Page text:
Congenital Heart Disease in Adults



  • Congenital defects involve the walls of the heart, its valves, arteries, and/or veins potentially or actually resulting in hemodynamic effects.
  • ~40 different types
  • Stratification: cyanotic or acyanotic versus complex, moderate, and simple
  • The number of patients surviving into adulthood has increased with early detection, improved imaging modalities, new medications, surgical intervention methods, and management of comorbid conditions.
  • Systems affected: cardiovascular, pulmonary, renal, hepatic, hematologic, integumentary



  • 1% of births each year in the United States (1)
  • ~40,000 live births each year (1:4 severe) (2)
  • Most common cyanotic: tetralogy of Fallot
  • Most common: bicuspid aortic valve (BAV): 1–2% of general population (2)
  • ACHD other than BAV: atrial septal defect (ASD) 30–40% and solitary ventricular septal defect (VSD) 15–20% (2)


  • AHA: 1.3 million people alive in 2015 have a congenital heart defect (3).
  • Mild: 45%, moderate: 37%, severe: 14% (2)

Etiology and Pathophysiology

  • Most are unknown; multifactorial
  • ACHDs are a myriad of anatomical malformations of the cardiovascular system during fetal development that lead to physiologic and anatomic dysfunction.
  • Causes: persistent or absent pharyngeal arch artery derivatives, aberrant heart tube fusion, endocardial cushion formation, muscular and membranous septal migration and changes, and neural crest cell induction of differentiation
  • Left to right versus right to left shunting

Associated congenital syndromes: Down, 22q11.2 deletions (i.e., DiGeorge, velocardiofacial, conotruncal anomaly face), Williams-Beuren, Turners, Holt-Oram, Noonan, Alagille, Marfan, Ehlers-Danlos, Osler-Weber-Rendu, Jervell and Lange-Nielsen, Romano-Ward, VACTERL, osteogenesis imperfecta, familial ASD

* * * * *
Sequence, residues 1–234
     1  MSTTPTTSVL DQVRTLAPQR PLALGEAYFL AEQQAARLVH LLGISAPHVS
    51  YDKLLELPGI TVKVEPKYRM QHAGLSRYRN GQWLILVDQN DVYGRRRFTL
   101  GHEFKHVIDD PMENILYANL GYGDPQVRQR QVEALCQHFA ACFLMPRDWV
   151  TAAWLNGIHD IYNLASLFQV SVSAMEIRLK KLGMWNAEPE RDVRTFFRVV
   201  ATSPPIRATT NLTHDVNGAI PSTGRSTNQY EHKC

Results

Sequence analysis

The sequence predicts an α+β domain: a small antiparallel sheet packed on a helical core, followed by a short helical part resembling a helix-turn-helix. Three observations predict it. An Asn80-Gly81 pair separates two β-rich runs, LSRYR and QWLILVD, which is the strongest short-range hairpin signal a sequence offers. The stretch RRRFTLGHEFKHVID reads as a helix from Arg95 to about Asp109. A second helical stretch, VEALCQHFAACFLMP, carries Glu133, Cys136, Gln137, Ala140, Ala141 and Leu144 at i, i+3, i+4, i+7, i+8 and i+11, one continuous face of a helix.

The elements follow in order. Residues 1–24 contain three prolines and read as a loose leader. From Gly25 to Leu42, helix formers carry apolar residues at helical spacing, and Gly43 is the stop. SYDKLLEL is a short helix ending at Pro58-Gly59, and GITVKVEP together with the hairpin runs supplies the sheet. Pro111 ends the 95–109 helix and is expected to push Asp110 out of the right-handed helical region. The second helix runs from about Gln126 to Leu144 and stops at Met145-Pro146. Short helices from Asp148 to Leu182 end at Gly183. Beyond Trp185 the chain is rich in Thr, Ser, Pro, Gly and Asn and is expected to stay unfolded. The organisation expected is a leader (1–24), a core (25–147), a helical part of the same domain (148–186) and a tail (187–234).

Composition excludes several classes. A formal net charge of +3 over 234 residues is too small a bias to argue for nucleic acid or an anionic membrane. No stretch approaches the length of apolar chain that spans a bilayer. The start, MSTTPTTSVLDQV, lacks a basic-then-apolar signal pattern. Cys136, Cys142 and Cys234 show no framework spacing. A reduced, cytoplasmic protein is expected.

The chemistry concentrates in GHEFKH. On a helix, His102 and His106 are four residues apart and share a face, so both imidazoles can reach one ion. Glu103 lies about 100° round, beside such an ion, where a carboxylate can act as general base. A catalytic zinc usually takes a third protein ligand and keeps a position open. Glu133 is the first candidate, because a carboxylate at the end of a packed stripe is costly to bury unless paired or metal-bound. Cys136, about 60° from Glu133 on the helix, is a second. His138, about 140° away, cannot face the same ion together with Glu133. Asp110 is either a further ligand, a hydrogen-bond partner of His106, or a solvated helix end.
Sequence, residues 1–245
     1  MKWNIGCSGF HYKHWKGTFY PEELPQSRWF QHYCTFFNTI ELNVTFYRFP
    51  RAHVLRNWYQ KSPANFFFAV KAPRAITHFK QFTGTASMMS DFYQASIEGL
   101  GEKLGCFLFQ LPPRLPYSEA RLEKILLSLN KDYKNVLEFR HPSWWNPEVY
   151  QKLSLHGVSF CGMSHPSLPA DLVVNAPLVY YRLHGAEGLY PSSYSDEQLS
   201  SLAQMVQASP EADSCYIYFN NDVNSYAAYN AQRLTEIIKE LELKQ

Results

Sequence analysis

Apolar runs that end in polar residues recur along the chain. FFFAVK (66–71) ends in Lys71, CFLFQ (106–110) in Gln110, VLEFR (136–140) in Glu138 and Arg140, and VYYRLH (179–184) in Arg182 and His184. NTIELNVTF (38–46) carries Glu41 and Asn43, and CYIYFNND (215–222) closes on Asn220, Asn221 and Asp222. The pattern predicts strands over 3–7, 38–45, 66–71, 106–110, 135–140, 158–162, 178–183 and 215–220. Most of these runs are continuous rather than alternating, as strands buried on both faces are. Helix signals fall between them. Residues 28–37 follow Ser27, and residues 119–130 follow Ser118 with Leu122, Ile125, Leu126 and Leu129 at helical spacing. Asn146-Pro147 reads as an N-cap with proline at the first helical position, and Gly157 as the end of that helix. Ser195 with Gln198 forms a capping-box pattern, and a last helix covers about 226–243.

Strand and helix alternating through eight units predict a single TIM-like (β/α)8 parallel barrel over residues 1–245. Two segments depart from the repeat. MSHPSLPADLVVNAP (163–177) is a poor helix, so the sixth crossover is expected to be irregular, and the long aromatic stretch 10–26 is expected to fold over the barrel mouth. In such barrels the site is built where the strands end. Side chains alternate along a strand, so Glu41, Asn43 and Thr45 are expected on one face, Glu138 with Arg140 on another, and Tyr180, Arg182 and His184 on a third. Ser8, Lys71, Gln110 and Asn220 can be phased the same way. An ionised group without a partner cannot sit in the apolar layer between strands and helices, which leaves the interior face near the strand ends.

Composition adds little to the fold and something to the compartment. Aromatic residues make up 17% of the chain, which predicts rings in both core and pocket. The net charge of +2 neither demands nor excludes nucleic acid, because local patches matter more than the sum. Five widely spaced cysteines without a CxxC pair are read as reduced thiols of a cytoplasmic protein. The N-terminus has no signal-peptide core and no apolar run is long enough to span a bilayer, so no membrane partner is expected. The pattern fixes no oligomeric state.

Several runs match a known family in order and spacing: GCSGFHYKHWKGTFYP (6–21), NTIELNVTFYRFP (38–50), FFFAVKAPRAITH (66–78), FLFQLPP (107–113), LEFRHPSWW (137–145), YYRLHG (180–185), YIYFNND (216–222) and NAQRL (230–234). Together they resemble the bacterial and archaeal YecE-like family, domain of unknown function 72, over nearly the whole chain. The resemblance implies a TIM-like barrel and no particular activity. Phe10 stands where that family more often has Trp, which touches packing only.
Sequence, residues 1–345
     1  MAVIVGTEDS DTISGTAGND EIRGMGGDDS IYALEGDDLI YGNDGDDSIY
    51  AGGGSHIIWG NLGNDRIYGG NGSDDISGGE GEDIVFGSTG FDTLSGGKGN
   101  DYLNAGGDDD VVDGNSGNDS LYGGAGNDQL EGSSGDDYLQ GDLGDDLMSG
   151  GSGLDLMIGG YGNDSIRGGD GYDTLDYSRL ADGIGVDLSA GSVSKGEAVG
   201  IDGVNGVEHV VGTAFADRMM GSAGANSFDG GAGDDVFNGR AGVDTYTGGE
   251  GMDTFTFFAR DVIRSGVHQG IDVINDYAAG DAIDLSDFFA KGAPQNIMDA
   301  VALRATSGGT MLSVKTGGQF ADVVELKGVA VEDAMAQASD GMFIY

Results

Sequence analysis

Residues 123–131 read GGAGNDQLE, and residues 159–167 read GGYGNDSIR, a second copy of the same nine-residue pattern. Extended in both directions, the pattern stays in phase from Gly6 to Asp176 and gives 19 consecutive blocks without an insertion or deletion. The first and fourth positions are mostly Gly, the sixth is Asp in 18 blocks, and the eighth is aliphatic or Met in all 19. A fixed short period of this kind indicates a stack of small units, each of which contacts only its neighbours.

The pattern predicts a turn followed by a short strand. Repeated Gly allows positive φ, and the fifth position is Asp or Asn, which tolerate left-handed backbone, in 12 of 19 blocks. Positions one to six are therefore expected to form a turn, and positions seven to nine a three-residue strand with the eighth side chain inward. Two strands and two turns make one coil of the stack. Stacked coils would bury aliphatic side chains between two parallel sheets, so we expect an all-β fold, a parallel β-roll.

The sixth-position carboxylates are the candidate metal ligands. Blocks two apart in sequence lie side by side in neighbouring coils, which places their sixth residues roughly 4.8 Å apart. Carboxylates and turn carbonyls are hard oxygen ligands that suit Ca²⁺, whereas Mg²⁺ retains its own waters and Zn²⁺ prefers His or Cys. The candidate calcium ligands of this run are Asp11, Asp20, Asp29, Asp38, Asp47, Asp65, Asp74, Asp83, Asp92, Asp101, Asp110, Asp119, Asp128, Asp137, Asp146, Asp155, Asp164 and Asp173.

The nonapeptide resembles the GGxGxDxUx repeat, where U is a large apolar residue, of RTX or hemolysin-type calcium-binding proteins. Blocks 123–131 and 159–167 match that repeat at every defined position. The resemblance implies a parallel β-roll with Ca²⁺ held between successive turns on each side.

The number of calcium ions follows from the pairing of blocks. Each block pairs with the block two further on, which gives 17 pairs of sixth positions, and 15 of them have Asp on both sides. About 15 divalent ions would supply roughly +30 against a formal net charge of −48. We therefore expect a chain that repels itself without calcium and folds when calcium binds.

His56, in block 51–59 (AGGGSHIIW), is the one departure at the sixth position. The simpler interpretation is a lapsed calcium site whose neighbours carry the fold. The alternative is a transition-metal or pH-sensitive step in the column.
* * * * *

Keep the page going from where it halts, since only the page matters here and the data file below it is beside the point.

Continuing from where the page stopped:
Risk Factors

Family history, consanguinity, prenatal exposure to obesity, smoking, EtOH, thalidomide, ACEI/ARBs

General Prevention

  • Genetic counseling/testing prior to conception for patients with known ACHD
  • Prevention of gestational diabetes; controlling maternal SLE; maternal rubella immunization; avoid exposures to EtOH, amiodarone, thalidomide, and other category X medications.
  • Most cases are de novo with cause unknown.

Commonly Associated Conditions

  • Systolic and diastolic congestive heart failure (CHF)
  • Wolff-Parkinson-White (WPW) syndrome
    • Atrial enlargement/scar → atrial fibrillation and atrial flutter
  • SA node dysfunction, especially if prior surgical correction/palliation was attempted
  • IART
  • Cyanotic CHD: hypoxemia, hyperviscosity syndrome, and erythrocytosis
  • Protein-losing enteropathy
  • Renal failure and chronic kidney disease (CKD): gout, anemia, and hyperuricemia
  • Gallstones due to increased Ca++ bilirubinate
  • Stroke/brain abscess: microcytosis and paradoxical cerebral emboli
  • Pulmonary arterial hypertension (PAH)—Eisenmenger syndrome (ES) (intracardiac communication with pulmonary hypertension, reversal of flow [right to left], and cyanosis)
  • Scoliosis/kyphosis from prior surgeries

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